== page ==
Chapter

Bipolar Disorders

Chris Ahlman

in Evidence-Based Practice in School Mental Health

Second edition

Published in print May 2019 | ISBN: 9780190886578
Published online August 2019 | e-ISBN: 9780190943851 | DOI: https://dx.doi.org/10.1093/oso/9780190886578.003.0006

Series: SSWAA Workshop Series

Bipolar Disorders

More Like This

Show all results sharing these subjects:

  • Child and Adolescent Social Work
  • Couple and Family Social Work
  • Mental and Behavioural Health

GO

Show Summary Details

Preview

The Diagnostic and Statistical Manual of Mental Disorders, Fifth Edition (DSM-5) does not describe the typical symptoms noted by researchers of pediatric bipolar disorder under bipolar I or II because there is a great deal of controversy over whether bipolar disorder exists in children. Researchers who have gathered data on children who experience irritability, mood swings, elevated moods, inattention, hyperactivity, defiance, compulsive behaviors, sadness, and sleep problems have called the condition either pediatric bipolar disorder (PBD; for children 3–12) or early-onset bipolar disorder (EOBD; for children 13–18). Students with PBD or EOBD have little control over their mood swings and irritability, calling for a combination of pharmacological and environmental interventions along with close monitoring of any side effects and evaluation of the effectiveness of interventions. Bipolar disorder in children is considered a progressive condition that manifests differently as the child ages, moving from more irritability, restlessness, and rapid mood swings to less frequent mood swings but longer depressive moods.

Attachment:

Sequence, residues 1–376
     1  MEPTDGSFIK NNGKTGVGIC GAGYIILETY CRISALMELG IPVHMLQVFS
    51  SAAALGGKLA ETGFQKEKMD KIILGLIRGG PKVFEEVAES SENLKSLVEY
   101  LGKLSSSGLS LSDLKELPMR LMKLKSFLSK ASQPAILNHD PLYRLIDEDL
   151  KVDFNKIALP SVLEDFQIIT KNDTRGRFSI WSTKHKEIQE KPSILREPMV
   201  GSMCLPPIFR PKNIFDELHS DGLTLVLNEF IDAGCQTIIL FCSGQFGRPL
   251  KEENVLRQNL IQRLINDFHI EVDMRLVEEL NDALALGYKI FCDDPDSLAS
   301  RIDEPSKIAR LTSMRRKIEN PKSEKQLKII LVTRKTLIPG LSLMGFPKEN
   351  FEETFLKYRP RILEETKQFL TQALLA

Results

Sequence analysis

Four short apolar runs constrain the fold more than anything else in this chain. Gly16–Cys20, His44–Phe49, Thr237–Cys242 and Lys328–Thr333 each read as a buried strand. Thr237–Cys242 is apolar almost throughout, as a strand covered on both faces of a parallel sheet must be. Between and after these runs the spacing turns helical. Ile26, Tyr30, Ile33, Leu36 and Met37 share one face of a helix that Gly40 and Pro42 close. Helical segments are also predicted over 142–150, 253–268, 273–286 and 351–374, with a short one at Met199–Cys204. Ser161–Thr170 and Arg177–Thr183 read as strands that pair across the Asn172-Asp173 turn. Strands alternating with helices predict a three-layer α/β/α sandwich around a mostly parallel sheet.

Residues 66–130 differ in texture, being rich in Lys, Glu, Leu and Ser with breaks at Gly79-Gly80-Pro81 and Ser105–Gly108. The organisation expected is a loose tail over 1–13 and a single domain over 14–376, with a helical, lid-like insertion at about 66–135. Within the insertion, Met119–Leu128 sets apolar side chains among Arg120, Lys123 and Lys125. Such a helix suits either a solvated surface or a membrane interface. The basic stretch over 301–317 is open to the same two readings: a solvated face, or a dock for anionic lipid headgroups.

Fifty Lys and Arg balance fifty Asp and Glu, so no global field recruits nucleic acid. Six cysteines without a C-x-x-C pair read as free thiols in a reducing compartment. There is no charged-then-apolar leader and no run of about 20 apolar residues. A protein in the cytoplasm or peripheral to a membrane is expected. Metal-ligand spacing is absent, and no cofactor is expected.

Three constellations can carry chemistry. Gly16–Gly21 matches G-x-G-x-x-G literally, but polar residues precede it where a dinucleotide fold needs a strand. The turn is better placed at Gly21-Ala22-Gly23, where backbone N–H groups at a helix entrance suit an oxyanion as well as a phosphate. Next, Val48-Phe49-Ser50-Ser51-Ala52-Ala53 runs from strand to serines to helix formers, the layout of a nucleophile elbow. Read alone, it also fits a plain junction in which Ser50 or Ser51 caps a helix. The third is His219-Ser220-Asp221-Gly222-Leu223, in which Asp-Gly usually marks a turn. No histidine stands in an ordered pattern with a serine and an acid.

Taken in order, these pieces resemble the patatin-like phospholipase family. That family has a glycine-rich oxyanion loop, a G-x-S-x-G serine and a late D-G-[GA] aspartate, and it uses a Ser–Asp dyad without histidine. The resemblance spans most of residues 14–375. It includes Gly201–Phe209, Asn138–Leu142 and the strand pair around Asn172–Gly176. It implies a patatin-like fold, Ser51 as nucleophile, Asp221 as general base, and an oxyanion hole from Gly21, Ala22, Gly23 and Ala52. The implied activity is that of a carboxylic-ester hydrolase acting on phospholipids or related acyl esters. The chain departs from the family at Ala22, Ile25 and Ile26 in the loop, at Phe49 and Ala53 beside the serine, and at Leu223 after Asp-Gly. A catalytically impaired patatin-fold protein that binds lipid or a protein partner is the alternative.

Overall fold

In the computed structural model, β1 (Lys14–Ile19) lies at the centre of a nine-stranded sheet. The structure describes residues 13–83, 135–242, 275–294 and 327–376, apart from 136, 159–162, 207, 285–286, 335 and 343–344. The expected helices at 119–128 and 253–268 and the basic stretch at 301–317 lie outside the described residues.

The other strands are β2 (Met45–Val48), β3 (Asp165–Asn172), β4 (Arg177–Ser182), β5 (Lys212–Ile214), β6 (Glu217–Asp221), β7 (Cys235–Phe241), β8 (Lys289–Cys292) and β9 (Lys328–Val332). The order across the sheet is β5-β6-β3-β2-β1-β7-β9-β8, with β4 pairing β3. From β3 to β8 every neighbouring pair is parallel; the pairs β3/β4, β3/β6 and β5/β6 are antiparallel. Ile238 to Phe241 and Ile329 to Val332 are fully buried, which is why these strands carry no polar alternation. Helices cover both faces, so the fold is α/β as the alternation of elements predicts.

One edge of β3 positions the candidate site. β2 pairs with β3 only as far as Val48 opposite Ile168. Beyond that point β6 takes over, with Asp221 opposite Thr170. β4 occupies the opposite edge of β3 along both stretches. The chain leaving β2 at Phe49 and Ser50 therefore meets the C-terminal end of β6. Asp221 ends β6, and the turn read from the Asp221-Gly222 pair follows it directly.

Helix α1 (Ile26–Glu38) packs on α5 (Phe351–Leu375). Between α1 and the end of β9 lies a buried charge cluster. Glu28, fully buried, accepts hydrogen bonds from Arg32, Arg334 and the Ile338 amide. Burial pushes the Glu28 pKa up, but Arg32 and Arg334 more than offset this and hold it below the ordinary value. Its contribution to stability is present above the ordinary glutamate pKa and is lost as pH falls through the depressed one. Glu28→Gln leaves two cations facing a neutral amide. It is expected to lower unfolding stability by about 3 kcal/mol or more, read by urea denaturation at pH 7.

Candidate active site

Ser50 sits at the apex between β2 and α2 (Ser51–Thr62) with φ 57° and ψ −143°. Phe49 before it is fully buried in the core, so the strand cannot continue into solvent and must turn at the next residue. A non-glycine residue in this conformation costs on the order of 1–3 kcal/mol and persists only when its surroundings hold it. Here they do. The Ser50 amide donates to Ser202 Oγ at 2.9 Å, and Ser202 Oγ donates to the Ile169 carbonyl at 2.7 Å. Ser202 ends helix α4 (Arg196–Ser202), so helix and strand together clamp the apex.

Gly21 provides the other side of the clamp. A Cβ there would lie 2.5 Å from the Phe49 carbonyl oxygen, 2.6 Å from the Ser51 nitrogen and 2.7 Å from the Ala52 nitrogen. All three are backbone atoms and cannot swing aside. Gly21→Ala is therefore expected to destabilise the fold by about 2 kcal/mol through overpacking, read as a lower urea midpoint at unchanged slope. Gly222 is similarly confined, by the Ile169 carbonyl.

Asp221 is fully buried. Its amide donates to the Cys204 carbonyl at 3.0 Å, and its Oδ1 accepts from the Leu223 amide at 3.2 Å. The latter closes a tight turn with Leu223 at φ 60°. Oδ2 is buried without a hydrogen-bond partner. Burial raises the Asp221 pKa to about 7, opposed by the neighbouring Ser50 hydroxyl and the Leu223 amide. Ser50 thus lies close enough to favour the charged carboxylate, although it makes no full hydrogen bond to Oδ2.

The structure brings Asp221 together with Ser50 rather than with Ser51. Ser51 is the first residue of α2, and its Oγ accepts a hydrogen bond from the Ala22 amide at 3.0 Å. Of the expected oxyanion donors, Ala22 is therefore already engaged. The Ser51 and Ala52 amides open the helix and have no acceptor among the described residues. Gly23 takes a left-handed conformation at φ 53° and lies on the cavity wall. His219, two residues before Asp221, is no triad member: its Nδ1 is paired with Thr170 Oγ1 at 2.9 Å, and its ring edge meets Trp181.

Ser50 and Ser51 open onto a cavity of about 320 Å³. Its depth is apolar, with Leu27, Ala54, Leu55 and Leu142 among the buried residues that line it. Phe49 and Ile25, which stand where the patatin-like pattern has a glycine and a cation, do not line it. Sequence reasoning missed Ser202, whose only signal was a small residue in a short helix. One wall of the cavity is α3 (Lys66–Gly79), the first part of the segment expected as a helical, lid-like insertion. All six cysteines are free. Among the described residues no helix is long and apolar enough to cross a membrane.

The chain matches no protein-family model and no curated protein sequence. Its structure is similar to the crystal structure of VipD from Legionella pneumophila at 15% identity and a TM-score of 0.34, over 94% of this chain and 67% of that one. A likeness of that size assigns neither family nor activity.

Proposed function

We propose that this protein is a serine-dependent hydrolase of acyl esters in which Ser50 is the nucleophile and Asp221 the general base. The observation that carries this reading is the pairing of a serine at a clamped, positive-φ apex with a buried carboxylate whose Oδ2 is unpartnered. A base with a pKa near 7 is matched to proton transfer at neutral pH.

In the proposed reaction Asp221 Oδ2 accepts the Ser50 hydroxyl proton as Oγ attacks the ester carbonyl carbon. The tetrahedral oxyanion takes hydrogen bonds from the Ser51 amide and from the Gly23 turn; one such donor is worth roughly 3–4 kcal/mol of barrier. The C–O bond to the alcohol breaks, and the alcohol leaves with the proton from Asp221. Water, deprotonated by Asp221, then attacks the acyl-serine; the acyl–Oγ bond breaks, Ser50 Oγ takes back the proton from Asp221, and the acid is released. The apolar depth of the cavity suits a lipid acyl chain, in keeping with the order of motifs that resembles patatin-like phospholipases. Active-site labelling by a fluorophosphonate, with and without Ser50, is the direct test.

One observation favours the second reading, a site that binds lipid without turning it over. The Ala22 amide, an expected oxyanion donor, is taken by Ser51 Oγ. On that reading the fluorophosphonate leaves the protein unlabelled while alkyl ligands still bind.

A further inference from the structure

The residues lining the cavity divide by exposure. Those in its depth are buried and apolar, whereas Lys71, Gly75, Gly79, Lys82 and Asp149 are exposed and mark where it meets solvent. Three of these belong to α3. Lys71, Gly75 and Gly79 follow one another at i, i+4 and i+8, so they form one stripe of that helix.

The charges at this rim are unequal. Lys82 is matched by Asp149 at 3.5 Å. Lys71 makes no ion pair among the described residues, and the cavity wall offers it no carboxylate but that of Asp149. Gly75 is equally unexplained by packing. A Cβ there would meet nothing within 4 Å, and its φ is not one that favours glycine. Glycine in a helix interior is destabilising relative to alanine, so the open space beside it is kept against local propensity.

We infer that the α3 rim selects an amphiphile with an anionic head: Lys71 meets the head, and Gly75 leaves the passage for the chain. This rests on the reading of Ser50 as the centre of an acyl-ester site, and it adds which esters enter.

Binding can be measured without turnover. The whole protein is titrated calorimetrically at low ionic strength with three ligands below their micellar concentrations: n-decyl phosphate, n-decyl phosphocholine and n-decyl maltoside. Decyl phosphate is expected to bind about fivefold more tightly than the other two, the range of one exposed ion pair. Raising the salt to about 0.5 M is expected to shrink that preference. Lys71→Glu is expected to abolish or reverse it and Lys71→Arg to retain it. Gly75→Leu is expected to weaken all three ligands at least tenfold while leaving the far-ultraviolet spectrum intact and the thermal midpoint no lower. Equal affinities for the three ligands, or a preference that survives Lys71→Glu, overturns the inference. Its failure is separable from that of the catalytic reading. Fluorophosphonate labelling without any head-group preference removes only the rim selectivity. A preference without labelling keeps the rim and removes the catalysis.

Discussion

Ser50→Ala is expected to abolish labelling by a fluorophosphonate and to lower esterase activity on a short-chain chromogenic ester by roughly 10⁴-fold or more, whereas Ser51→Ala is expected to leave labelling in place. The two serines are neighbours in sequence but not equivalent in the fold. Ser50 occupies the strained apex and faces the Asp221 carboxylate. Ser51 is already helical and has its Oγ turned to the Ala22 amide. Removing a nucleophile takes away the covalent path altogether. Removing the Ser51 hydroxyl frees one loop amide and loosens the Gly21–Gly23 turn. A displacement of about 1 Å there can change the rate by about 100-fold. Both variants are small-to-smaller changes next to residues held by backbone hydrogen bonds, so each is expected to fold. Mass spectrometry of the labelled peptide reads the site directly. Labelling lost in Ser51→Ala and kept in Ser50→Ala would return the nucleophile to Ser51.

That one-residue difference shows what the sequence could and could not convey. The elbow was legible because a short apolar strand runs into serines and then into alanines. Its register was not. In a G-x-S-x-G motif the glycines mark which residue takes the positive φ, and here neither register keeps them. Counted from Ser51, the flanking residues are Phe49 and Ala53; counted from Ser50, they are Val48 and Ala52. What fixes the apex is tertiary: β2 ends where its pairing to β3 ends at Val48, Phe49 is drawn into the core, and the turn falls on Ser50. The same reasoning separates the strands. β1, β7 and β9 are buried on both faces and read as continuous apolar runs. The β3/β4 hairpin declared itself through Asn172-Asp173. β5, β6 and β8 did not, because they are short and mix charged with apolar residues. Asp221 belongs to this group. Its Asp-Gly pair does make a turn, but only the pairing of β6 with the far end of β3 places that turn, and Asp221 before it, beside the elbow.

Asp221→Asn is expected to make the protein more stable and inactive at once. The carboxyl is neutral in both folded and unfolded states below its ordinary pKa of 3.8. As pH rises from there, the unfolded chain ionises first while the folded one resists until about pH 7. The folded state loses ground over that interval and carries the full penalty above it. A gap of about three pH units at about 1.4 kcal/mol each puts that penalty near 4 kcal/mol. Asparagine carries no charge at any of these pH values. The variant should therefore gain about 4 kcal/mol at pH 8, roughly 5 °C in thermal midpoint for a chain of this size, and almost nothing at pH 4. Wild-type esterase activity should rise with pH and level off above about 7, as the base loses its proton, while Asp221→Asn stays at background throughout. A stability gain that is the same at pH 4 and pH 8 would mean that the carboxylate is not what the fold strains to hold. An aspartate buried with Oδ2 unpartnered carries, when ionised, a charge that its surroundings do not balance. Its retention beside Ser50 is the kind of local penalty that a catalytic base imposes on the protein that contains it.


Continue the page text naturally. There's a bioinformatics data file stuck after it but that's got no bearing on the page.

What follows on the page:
Keywords: assessment; children; comorbidity; differential diagnosis; DSM-5; pediatric bipolar disorder; pharmacological intervention; prevalence; schools; treatment

Chapter.  7926 words. 

Subjects: Child and Adolescent Social Work ; Couple and Family Social Work ; Mental and Behavioural Health

Full text: subscription required

How to subscribe Recommend to my Librarian

Buy this work at Oxford University Press »

Users without a subscription are not able to see the full content. Please, subscribe or login to access all content. subscribe or purchase to access all content.